|Posts on Regator:||3034|
|Posts / Week:||17|
|Archived Since:||June 19, 2011|
The Spanish bank’s diversification and earnings power are cushions against a shock. But the core capital ratio looks tight. Given Santander’s high valuation, there may not be a better time to boost equity and silence capital sceptics. Raising 6 bln euros would do the trick.
That’s the value wiped off the stock after a botched system update and reports its new phones can be bent. It’s a small hit for a $600 bln company. But the 2012 Maps fiasco is a reminder that one-off issues may presage more pain. Cook needs to nip this one in the bud.
The former ImClone boss who went to prison for an insider trading scandal that also ensnared Martha Stewart plans to take his latest venture public this year. He follows second-chancers like Donald Trump and LTCM founder John Meriwether. Investors can be astonishingly forgiving.
Chinese consumption of crude steel fell in August for the first time this century. Slowing housebuilding is adding financial strain to a troubled supply chain. A rethink of how much is enough for the world’s biggest steel user could also throw the global market off kilter.
U.S. Attorney General Eric Holder is stepping down after squeezing multibillion-dollar penalties from banks. He had less success securing convictions, leaving law enforcement just an expensive cost of doing business. Next financial crisis, Uncle Sam should send in a tougher cop.
The Chinese oil giant wants to sell more from its 23,000 pump-side stores. But even if non-fuel sales rise sixfold, the unit won’t be worth a lot more than the $58 billion valuation put on it by outside investors. Breakingviews’ calculator spells out the scale of the challenge.
Richard Broadbent will struggle to restore market confidence in the UK retailer. This week’s accounting scandal compounds existing concerns about his period at the helm. The priority should be an orderly handover to the right successor. But speed matters too.
A hacker went to prison for exposing personal information AT&T didn’t protect. Now prosecutors are defending the legality of doing essentially the same thing in the Silk Road drug website case. Online privacy laws are flawed when enforcers can’t decide what’s allowed.
Baudouin Prot is resigning as the French bank’s chairman. His likely successor is technocrat Jean Lemierre. As an adviser to Prot he’s hardly an outsider. But that’s less vital than a readiness to refresh BNP’s board following its mega-fine from U.S. regulators.
The U.S. coffee chain is buying the 60.5 pct of its Japanese business it doesn't already own at a discount to the unit’s market value. Expiring licenses give Starbucks a chance to take control of a large market on the cheap - as long as minority shareholders don’t resist.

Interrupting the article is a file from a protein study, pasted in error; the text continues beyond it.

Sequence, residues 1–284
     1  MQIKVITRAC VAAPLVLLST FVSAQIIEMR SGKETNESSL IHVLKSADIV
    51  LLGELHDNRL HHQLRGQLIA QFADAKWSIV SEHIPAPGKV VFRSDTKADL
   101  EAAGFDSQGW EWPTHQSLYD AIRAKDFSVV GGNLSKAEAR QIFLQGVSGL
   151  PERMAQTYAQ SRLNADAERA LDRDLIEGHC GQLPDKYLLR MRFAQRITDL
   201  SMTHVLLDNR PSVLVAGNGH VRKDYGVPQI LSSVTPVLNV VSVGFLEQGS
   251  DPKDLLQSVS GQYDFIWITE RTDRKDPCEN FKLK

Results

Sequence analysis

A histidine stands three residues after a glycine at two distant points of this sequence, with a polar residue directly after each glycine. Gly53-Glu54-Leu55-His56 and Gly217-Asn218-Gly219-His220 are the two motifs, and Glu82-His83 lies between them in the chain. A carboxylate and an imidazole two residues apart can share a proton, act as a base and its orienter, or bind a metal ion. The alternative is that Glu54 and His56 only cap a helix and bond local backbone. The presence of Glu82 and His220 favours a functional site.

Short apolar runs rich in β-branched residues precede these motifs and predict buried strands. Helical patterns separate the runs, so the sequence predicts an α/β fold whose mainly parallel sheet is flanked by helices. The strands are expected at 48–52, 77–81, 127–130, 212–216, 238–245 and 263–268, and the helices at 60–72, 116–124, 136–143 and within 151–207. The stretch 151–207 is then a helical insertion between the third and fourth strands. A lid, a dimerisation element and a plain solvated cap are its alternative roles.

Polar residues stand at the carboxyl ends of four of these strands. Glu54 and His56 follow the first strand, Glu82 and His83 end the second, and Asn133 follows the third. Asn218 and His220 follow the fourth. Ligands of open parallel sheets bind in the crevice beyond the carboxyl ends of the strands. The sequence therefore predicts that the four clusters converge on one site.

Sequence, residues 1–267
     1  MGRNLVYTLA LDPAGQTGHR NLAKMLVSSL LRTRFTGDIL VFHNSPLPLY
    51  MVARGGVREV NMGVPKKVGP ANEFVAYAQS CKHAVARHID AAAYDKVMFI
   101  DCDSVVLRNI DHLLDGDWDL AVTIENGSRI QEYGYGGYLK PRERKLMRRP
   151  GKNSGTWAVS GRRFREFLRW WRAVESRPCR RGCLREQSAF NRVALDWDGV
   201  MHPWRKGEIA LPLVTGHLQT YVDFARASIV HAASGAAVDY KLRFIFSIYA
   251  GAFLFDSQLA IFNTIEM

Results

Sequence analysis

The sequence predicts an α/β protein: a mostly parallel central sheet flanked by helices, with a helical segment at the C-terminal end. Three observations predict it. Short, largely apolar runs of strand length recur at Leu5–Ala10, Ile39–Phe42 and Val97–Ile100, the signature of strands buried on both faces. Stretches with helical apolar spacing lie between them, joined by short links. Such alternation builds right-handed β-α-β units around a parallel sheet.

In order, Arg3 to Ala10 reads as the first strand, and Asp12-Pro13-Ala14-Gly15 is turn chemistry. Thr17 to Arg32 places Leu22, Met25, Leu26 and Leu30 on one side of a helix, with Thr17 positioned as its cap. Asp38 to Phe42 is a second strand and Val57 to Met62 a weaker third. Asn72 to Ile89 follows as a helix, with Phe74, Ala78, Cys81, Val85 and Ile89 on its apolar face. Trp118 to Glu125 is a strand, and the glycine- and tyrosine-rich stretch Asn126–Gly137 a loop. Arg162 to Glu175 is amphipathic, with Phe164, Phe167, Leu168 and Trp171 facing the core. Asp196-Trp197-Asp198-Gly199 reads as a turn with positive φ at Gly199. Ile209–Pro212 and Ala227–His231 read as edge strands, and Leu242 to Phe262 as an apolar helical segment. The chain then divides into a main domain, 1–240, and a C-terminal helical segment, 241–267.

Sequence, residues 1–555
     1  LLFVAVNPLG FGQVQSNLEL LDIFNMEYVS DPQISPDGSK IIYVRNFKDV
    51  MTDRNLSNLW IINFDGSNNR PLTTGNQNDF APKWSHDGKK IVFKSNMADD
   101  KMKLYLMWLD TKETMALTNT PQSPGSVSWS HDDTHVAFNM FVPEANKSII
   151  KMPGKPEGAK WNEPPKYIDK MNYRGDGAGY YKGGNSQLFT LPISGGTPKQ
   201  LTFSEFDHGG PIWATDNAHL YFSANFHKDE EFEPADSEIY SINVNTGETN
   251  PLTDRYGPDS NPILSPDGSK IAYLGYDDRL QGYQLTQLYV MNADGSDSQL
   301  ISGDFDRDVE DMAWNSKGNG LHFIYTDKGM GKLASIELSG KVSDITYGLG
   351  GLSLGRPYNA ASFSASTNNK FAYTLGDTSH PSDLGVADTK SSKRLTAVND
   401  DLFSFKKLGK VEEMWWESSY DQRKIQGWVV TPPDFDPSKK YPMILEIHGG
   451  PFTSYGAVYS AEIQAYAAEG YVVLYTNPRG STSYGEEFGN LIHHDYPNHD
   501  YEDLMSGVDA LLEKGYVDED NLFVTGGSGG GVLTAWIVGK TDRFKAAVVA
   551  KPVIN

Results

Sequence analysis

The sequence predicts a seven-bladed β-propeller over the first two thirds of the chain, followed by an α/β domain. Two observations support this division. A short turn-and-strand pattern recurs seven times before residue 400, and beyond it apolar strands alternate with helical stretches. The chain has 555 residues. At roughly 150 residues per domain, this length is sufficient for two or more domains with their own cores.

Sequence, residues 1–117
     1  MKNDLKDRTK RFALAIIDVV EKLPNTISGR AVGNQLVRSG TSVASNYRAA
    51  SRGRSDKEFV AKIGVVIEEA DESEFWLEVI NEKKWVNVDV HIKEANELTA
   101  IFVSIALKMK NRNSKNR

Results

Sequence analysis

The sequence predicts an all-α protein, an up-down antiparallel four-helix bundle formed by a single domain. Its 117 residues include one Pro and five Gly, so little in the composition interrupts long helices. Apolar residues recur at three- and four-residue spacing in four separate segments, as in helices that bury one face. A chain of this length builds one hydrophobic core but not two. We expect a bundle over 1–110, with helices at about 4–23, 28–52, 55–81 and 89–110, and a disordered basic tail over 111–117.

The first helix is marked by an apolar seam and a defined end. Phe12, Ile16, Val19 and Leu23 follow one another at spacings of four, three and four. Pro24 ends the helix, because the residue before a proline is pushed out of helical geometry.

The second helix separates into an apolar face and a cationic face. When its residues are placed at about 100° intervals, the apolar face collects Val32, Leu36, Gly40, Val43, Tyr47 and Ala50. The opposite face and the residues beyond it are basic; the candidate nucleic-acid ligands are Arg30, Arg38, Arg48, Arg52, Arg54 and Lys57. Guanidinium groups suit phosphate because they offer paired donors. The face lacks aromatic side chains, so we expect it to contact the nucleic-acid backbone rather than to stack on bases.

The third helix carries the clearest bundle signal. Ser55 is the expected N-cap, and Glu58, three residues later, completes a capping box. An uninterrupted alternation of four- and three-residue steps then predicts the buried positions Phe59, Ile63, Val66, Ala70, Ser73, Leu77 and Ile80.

The U.S. attack on companies relocating to avoid taxes will calm pharma’s M&A binge. Deals like AbbVie’s purchase of Shire may survive on strategic logic. Pure tax-driven combinations, like Mylan/Abbott, look tricky. That lessens AstraZeneca’s vulnerability to a bid from Pfizer.
The answer to that question may determine the winner in the latest activist battle to captivate Wall Street: Nelson Peltz’s siege of DuPont. The billionaire’s controversial arithmetic suggests the chemicals giant has grown bloated over its 212 years. He’s on to something.
Norway’s Yara is talking to U.S. rival CF Industries about a $27 bln tie-up. The two boast similar valuations and could reap sizeable synergies. Hence a near-$1 bln jump in Yara’s market cap. But a merger of equals is one of the trickiest deal varieties.
Tech stars like Alibaba’s Jack Ma and Lei Jun of Xiaomi dominate the ranks of China’s wealthy, closely followed by property magnates. But such measures are incomplete. Cash buys status for the lower ranks. For those at the top, political connections are the currency that matters.
“Pump” contends that democracy at the gas station would help U.S. democracy more broadly. Offering drivers fuel choices like ethanol, as Brazil did, might ease the grip of Exxon Mobil and its peers. The film makes a convincing case, even as it evades some inconvenient truths.
The UK retailer’s warning that guidance was overstated by 250 mln stg reflects a serious controls failing. Chair Richard Broadbent recently delivered a new CEO, but has been slow to fix the board. His own lack of retail experience is starting to look like a drawback.
Following the Chinese e-commerce group’s listing, the Japanese conglomerate’s 32 pct stake is worth $75 bln. It eclipses the value of SoftBank’s core businesses. The near-5 pct drop in SoftBank’s shares after the IPO is a reminder the investment is both blessing and burden.
The Oracle founder is stepping down as CEO, but his 25 pct stake in the software giant – and dual role as chairman and chief technology officer – ensure he’s far from relinquishing control. Splitting his old job between two executives could, however, lead to a bumpy transition.
The U.S. football league has thrown its weight around to grow into a $10 bln entertainment colossus. Victims of the sport’s violence get trampled until the likes of Anheuser and Nike play offense. Corporate America may be all that keeps the NFL from going the way of boxing.
Peter Thiel’s new book sets out possible features of the next world-changing startup that will earn its founders a monopoly – another Google, say. Ben Horowitz’s focuses on running a tech company amid fierce competition. One is about vision, the other – for most people – reality.